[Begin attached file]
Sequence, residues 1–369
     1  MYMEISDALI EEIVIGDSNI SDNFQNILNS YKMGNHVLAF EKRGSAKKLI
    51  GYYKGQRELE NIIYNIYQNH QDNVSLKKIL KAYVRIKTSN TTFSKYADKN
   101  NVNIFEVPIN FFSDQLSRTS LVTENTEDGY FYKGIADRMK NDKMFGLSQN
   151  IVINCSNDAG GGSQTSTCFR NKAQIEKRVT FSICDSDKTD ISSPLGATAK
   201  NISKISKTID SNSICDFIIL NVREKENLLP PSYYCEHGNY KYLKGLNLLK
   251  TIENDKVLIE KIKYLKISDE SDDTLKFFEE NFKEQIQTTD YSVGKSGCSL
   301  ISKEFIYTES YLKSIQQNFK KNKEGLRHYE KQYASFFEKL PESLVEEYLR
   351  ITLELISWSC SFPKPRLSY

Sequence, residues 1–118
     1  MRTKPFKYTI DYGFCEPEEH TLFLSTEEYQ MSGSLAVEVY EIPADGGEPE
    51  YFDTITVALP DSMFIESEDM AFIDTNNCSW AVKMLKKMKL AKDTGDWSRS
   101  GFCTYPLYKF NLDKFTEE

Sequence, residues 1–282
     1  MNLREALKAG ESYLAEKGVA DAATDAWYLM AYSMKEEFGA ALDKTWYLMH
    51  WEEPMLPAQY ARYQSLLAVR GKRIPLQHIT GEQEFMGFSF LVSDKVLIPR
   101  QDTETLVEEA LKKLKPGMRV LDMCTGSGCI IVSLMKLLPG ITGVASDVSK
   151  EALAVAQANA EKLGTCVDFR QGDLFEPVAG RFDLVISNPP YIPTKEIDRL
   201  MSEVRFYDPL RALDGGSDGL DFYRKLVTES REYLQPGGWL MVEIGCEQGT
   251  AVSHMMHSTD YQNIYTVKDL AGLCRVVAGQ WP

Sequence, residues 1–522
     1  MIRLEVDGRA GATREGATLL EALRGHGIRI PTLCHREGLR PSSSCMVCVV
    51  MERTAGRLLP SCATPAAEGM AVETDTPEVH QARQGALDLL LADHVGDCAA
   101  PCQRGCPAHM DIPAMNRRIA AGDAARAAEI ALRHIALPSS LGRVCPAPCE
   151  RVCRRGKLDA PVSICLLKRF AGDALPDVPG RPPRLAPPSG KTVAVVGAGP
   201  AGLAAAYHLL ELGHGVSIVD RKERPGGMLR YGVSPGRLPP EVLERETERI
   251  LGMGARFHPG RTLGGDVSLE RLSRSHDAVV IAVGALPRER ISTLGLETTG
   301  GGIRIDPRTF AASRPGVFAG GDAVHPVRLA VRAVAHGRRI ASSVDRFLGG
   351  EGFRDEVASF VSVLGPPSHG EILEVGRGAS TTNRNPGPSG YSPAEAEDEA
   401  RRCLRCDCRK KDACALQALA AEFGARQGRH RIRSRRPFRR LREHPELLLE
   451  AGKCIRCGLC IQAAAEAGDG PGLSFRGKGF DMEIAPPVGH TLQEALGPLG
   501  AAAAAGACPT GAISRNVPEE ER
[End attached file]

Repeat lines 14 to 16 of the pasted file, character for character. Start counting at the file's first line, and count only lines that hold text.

Sequence, residues 1–282
     1  MNLREALKAG ESYLAEKGVA DAATDAWYLM AYSMKEEFGA ALDKTWYLMH
    51  WEEPMLPAQY ARYQSLLAVR GKRIPLQHIT GEQEFMGFSF LVSDKVLIPR